Flu shots more important than usual this year


By Russell Kent - Galion Inquirer



Courtesy photo There are many reasons for getting a flu shot, says Libby Richards, an associate professor of nursing who specializes in public health in Purdue University’s School of Nursing in the College of Health and Human Sciences. Chief among the reasons is that both the flu and COVID-19 are contagious respiratory illnesses that present similar symptoms.

Courtesy photo There are many reasons for getting a flu shot, says Libby Richards, an associate professor of nursing who specializes in public health in Purdue University’s School of Nursing in the College of Health and Human Sciences. Chief among the reasons is that both the flu and COVID-19 are contagious respiratory illnesses that present similar symptoms.


WEST LAFAYETTE, Ind. — This year, getting an annual influenza vaccination is more important than ever, says a Purdue University nursing expert.

There are many reasons for getting a flu shot, says Libby Richards, an associate professor of nursing who specializes in public health in Purdue University’s School of Nursing in the College of Health and Human Sciences. Chief among the reasons is that both the flu and COVID-19 are contagious respiratory illnesses that present similar symptoms.

“Both COVID-19 and the flu can impact the elderly and those with chronic conditions – such as heart and lung disease – the hardest.” Richards says. “Severe cases of both COVID-19 and the flu require the same lifesaving medical equipment.

“This highlights the importance of getting the flu vaccine, not only for your own personal health, but also for the health of your community. Receiving the flu vaccine will help reduce the burden of respiratory illness on our overstretched health care system.”

Once a person has had a flu shot, it takes up to two weeks to reach peak effectiveness.

Children over the age of 6 months and people in high-risk categories such as older adults, pregnant women, and those with asthma, heart and lung disease, diabetes and cancer, should get a shot.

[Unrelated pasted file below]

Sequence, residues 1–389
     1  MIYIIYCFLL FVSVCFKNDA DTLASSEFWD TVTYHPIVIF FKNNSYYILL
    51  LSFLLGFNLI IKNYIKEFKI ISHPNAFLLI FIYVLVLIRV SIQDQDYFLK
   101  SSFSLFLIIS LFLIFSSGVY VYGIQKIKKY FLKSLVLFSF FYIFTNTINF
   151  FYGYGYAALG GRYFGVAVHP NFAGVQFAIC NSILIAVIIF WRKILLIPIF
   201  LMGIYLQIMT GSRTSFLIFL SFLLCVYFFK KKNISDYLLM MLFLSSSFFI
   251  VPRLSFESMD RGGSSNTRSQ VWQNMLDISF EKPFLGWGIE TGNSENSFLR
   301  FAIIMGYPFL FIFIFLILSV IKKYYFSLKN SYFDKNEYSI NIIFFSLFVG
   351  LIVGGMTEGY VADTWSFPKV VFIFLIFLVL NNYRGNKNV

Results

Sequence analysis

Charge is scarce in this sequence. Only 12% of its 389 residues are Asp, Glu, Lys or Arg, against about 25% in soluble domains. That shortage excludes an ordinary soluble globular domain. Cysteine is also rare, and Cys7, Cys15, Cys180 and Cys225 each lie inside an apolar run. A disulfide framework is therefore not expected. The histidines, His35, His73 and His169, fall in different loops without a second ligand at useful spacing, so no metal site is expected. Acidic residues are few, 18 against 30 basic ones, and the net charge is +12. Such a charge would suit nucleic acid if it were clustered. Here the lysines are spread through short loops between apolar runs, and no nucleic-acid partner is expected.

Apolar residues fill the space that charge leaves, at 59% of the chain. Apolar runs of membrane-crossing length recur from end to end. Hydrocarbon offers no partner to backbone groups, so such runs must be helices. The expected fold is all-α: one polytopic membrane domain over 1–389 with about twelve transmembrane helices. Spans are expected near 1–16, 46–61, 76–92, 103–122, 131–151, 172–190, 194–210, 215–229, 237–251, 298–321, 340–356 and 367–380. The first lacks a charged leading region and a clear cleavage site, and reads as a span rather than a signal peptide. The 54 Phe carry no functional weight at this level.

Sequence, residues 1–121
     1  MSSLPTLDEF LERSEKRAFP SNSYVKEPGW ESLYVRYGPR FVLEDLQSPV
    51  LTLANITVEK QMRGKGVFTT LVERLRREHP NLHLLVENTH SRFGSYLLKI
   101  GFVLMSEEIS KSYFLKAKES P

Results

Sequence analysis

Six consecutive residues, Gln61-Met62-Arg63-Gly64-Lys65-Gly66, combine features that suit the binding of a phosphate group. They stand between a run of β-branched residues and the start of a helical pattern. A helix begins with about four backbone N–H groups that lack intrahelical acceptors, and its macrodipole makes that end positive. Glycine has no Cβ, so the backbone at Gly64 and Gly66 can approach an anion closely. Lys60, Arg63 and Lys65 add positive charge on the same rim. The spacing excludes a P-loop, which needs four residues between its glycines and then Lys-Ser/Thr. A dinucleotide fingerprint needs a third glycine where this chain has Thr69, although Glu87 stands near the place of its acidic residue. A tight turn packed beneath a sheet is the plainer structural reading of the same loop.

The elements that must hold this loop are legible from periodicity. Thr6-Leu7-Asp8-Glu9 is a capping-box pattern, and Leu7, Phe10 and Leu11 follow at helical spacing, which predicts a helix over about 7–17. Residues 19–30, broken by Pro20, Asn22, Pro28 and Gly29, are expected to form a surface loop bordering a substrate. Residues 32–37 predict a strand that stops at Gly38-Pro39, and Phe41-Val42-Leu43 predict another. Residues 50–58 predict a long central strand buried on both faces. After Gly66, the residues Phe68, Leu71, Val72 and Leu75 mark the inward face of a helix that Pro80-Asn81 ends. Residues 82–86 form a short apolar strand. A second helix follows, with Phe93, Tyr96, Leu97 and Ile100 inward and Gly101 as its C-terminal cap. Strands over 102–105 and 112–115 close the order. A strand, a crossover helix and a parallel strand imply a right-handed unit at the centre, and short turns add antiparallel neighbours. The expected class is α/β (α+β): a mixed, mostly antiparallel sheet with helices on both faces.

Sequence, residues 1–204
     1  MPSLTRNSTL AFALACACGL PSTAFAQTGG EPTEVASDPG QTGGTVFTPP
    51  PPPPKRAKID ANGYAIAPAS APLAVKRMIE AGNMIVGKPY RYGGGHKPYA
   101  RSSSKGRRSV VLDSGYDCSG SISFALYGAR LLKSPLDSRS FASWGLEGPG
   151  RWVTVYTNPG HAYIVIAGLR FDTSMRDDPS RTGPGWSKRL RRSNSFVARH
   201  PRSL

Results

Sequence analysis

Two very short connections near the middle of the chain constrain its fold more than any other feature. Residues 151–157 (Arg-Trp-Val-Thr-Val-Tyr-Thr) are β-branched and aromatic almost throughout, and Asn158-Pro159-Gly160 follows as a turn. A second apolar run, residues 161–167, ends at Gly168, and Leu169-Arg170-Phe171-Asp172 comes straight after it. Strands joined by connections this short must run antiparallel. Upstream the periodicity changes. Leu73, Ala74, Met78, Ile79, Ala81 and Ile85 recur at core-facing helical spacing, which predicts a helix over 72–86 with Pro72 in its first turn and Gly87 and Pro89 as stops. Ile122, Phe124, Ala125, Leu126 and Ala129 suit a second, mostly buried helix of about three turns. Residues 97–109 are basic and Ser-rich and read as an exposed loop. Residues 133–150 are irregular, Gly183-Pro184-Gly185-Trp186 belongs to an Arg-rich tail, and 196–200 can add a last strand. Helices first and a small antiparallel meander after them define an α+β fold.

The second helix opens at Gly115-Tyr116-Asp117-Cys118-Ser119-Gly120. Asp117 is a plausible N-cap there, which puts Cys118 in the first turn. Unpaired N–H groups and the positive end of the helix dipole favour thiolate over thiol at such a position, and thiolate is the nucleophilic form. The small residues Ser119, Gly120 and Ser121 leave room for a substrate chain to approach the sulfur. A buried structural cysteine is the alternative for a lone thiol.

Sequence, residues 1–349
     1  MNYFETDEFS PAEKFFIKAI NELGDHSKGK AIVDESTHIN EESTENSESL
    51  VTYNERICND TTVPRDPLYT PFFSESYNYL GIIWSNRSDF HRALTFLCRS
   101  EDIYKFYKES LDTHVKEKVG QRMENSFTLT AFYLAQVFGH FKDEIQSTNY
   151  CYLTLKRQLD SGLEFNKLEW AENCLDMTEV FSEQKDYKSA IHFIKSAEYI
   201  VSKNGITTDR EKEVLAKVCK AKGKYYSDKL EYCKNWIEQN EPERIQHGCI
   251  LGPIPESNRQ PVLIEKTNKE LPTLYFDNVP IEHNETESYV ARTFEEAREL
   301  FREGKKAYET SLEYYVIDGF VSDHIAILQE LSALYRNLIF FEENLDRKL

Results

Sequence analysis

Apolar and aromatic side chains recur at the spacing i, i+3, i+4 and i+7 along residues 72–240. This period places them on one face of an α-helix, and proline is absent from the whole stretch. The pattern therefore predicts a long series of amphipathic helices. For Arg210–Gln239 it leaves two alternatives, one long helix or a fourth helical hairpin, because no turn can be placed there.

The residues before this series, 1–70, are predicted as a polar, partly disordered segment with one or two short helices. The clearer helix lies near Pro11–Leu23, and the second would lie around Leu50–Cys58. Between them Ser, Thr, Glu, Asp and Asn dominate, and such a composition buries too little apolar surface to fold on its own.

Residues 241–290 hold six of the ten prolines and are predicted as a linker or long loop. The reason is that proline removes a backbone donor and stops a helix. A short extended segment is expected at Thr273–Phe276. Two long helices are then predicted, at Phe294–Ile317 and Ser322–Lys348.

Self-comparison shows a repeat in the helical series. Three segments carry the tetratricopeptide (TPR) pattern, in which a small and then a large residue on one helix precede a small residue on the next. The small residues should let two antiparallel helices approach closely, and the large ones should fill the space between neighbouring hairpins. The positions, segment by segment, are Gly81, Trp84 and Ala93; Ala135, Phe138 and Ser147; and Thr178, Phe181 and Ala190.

If a person cannot get a flu shot for medical reasons, Richards says, practicing good hygiene is the best method to minimize exposure.

“Washing hands, covering one’s mouth when coughing and properly disposing of tissues and avoiding close contact with others are simple steps to be safe during this time,” she says.

Richards says that if a person is experiencing high fever, a cough, sore throat, muscle or body aches, headaches and fatigue, they should stay home.

“Most healthy adults will recover from flu without medical intervention. If your symptoms deteriorate rapidly, call your health care provider,” she says. “Everyone should stay home until they are fever-free for 24 hours without the use of over-the-counter medications.”

With similar symptoms, it may be hard to tell the difference between COVID-19 and the flu, and testing may be ordered.

“If symptoms worsen, call your health care provider for advice on next steps, such as testing,” Richards says

Courtesy photo There are many reasons for getting a flu shot, says Libby Richards, an associate professor of nursing who specializes in public health in Purdue University’s School of Nursing in the College of Health and Human Sciences. Chief among the reasons is that both the flu and COVID-19 are contagious respiratory illnesses that present similar symptoms.
https://www.galioninquirer.com/wp-content/uploads/sites/38/2020/09/web1_RJM-1223.jpgCourtesy photo There are many reasons for getting a flu shot, says Libby Richards, an associate professor of nursing who specializes in public health in Purdue University’s School of Nursing in the College of Health and Human Sciences. Chief among the reasons is that both the flu and COVID-19 are contagious respiratory illnesses that present similar symptoms.

By Russell Kent

Galion Inquirer